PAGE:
Maybe it's because I love "The Hunger Games" or because I'm innately competitive, but I'm a sucker for a battle royale, which is why I'm stoked about the fourth Road to Nightfall kicking off next week at Rhythm & Brews.
During each of four preliminary rounds, seven bands will play short sets to try to win over the audience. Each night, the crowd will select a finalist, who will duke it out again on March 21 for a cash prize, recording session and headlining spot during the Nightfall concert series, which runs Fridays from May 2 to Aug. 29.
The Road to Nightfall is great for a lot of reasons.
■ Contests are good for business. People love competition. It's why they root for Rocky Balboa and watch episodes of "Bumfights." Because it's a popular-vote event, fans get to feel involved in the process, and offering a prize encourages bands to bring their A-game. Artists win; audiences win.
■ It's a melting pot. Because it's open to all genres, the Road to Nightfall showcases how eclectic the Scenic City scene is, helps forge new musical partnerships and introduces people to new bands.
■ Bragging rights. Having "Winner of the Road to Nightfall" on a bio helps bands land gigs outside the city, which helps raise awareness of Chattanooga's artistic community. In a sense, the winner becomes a kind of musical apostle.
This year, Chattanooga Presents received more than 60 applications, about 50 percent more than in 2013. Organizers narrowed these down to the following schedule:
■ March 7: The Vino Takes, Birds With Fleas, Danimal Pinson, Iron Fez, Okinawa, Scenic and The Scarlet Love Conspiracy.
■ March 8: Paul Hadfield, Jordan Hallquist & The Outfit, Remembering January, Endelouz, Marlow Drive, The Band Raven and Hot Damn.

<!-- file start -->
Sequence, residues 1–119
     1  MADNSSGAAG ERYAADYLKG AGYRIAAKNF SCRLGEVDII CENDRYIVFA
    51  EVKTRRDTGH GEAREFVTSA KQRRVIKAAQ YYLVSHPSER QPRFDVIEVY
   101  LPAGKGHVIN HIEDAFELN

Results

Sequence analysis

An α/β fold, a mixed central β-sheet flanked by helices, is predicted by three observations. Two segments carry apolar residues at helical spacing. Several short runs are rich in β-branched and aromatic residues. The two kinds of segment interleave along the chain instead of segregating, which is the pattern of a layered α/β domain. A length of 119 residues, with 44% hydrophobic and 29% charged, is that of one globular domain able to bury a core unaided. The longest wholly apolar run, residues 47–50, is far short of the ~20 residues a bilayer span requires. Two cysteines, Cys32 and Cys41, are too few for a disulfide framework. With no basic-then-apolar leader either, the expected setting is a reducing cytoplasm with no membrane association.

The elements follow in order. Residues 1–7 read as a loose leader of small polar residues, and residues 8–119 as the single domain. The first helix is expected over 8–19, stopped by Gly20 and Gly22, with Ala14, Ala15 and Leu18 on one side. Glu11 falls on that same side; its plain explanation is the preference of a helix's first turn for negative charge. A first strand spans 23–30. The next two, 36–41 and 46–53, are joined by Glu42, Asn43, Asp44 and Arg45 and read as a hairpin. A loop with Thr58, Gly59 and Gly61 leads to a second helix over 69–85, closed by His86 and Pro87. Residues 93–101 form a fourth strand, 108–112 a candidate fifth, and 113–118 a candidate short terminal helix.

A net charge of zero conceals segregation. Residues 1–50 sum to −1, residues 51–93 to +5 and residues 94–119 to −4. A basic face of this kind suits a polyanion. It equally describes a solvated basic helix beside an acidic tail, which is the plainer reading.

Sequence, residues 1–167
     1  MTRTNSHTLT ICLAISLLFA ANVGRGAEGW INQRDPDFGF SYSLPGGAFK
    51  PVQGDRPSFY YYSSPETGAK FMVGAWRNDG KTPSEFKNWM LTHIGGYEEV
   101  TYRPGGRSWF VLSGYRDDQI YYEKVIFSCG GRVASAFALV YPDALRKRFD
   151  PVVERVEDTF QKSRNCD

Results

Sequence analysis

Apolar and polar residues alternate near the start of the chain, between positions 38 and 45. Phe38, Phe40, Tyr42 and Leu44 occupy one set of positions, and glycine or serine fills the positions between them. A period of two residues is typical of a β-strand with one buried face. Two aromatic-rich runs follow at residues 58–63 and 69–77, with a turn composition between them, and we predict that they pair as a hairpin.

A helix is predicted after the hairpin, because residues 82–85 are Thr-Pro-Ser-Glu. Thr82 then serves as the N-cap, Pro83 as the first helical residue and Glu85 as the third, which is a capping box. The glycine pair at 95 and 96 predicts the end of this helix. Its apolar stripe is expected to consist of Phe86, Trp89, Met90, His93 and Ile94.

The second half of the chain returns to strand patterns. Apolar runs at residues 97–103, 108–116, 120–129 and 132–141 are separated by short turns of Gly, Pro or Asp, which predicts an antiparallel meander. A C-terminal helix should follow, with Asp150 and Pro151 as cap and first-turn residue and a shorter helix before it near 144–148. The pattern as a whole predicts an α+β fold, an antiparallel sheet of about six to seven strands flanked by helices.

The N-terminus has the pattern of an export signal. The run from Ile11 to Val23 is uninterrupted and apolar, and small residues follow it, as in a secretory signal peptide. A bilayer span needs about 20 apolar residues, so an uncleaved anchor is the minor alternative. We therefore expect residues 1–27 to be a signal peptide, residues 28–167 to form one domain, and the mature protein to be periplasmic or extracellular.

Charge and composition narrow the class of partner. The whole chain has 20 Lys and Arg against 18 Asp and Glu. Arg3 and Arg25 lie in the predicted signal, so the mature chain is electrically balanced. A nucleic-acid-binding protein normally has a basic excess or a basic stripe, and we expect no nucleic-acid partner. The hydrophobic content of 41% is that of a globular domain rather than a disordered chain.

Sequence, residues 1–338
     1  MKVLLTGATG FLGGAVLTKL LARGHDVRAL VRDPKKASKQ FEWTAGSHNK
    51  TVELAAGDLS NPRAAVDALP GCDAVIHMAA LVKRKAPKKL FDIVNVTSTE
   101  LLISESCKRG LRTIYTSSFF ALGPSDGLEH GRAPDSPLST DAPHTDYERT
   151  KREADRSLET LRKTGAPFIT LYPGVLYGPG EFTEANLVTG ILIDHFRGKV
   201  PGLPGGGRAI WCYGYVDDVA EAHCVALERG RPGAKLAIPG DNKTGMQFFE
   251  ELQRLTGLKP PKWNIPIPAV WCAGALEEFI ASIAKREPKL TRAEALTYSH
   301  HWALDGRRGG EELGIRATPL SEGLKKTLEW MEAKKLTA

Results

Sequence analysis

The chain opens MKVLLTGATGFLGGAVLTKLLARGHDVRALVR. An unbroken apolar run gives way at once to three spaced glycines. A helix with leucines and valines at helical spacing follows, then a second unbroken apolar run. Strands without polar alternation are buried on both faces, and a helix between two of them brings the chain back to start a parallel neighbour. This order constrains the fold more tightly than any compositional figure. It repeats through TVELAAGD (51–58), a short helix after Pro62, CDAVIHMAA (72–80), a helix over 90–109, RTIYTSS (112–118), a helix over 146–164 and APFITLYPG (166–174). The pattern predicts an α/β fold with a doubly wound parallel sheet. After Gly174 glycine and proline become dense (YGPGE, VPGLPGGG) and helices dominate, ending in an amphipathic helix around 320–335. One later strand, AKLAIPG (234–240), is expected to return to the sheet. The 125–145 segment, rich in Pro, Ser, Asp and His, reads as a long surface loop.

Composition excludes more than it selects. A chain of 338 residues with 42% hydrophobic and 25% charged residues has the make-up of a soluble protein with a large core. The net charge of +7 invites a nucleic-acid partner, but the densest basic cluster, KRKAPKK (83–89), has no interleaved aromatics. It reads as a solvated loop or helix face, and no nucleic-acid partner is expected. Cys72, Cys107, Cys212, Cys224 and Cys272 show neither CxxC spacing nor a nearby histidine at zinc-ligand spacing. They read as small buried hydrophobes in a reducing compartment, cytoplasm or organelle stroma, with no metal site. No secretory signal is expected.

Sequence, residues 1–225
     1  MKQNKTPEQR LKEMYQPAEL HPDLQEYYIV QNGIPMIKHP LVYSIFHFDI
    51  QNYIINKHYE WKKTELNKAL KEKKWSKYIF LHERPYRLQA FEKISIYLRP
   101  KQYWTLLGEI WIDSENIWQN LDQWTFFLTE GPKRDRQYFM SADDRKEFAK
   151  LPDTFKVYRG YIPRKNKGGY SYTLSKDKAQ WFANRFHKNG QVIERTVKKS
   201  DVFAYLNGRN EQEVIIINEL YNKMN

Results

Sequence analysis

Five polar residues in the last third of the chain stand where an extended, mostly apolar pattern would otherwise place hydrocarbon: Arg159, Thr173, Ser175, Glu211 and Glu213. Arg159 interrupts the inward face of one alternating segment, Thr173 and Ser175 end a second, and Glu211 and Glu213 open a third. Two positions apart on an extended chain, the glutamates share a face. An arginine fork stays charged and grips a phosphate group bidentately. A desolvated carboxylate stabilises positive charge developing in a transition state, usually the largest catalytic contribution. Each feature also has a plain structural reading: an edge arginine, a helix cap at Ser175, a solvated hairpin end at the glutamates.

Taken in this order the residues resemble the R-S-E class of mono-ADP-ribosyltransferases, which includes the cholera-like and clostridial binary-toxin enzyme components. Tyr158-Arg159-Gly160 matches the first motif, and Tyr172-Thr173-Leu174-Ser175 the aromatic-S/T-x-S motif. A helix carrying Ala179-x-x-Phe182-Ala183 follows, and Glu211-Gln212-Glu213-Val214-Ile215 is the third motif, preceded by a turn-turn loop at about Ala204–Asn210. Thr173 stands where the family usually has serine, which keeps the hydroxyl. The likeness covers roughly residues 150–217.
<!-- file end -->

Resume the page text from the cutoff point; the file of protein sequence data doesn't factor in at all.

■ March 14: Ryan Oyer, Rick Rushing & The Blues Strangers, Eight Knives, Function: With a C, Socro, The Average and Decibella.
■ March 15: Natural Habitz, The Iscariots, Smooth Dialects, Stereo Dig, New Planet, Kindred Pilots and Pack of Wolves.
Although it's a battle of the bands, Chattanooga Presents media coordinator Jonathan Susman says the Road's best feature is -- ironically -- how it brings the musical community together.
"There's a commonality that is discovered," he says. "I hate to even talk about the competition ... because it's the community-building aspects of it that are important to me."
Interested? Each preliminary round starts at 8 p.m., and tickets are $7.
I, for one, am ready. Or as Apollo Creed would say: "Ding. Ding."
Contact Casey Phillips at firstname.lastname@example.org or 423-757-6205. Follow him on Twitter at @PhillipsCTFP.
Casey Phillips has worked as a features reporter in the Life department since May 2007. He writes about entertainment, young adults, technology and people of interest. Casey hails from Knoxville and earned a bachelor of science degree in journalism and a bachelor of arts in German. He previously worked as the features editor for Sidelines at Middle Tennessee State University. Casey received the East Tennessee Society of Professional Journalists Award of Excellence for Reviewing/Criticism in ...